Samuel Hollander provides the first in-depth study of Malthus's achievement as an economist. Malthus's message has been largely misrepresented by decades of careless and biased interpretation. In this volume, Samuel Hollander re-examines these interpretations and presents a full and coherent picture of Malthus's economics. He evaluates John Maynard Keynes's famous dichotomy between the Ricardian and Malthusian methods, proving that the two were far closer to each other than is generally supposed. The relation of Malthus's ideas to those of his predecessors is thoroughly examined, for example, his roots in the Wealth of Nations are demonstrated and the physiocratic and Sraffian dimensions of his work are brought to light. Hollander extends his analysis to biographical factors; he discounts the textbook perspective on Malthus as a social-welfare pessimist and dispels the common notion of Malthus as spokesman of the land-owning classes. The standard charges against Malthus of inconsistency and intellectual dishonesty are also challenged.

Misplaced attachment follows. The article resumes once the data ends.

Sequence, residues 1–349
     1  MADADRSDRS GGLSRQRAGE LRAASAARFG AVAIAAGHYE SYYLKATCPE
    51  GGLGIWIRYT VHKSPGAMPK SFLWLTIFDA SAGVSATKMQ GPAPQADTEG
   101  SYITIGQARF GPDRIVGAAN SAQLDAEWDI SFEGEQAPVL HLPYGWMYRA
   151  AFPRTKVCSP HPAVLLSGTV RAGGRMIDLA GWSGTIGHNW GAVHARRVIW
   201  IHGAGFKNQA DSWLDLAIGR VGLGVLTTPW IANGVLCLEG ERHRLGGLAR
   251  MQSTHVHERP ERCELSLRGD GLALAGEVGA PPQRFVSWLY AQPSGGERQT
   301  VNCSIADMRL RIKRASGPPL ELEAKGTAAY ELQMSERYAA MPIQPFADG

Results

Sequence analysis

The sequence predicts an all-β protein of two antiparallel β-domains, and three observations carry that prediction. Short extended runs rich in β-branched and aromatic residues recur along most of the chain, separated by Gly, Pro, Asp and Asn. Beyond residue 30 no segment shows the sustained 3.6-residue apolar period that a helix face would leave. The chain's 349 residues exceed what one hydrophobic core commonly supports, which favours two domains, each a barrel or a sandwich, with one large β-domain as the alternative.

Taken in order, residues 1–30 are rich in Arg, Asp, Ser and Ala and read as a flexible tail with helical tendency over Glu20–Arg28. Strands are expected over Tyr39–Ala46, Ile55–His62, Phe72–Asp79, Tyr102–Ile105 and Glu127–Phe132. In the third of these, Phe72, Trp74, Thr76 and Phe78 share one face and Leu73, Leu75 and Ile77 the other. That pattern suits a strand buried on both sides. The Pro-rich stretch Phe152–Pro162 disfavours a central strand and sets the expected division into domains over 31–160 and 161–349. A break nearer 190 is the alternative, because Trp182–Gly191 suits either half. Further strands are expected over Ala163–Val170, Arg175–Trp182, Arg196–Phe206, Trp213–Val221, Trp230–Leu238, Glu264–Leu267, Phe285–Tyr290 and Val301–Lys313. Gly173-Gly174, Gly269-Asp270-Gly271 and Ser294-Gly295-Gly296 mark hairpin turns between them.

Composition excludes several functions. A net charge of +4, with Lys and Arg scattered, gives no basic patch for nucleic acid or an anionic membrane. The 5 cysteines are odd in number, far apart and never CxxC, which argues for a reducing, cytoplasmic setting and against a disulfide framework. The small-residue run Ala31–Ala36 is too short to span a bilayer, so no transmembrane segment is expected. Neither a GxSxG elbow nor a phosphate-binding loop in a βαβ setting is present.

Samuel Hollander has produced the definitive study of Thomas Robert Malthus. A major contribution to the history of economic theory, the study has much broader appeal as a portrait of a central figure in early nineteenth-century debates over social policy -particularly those having to do with the role of government in relation to social welfare, economic growth, and trade protection.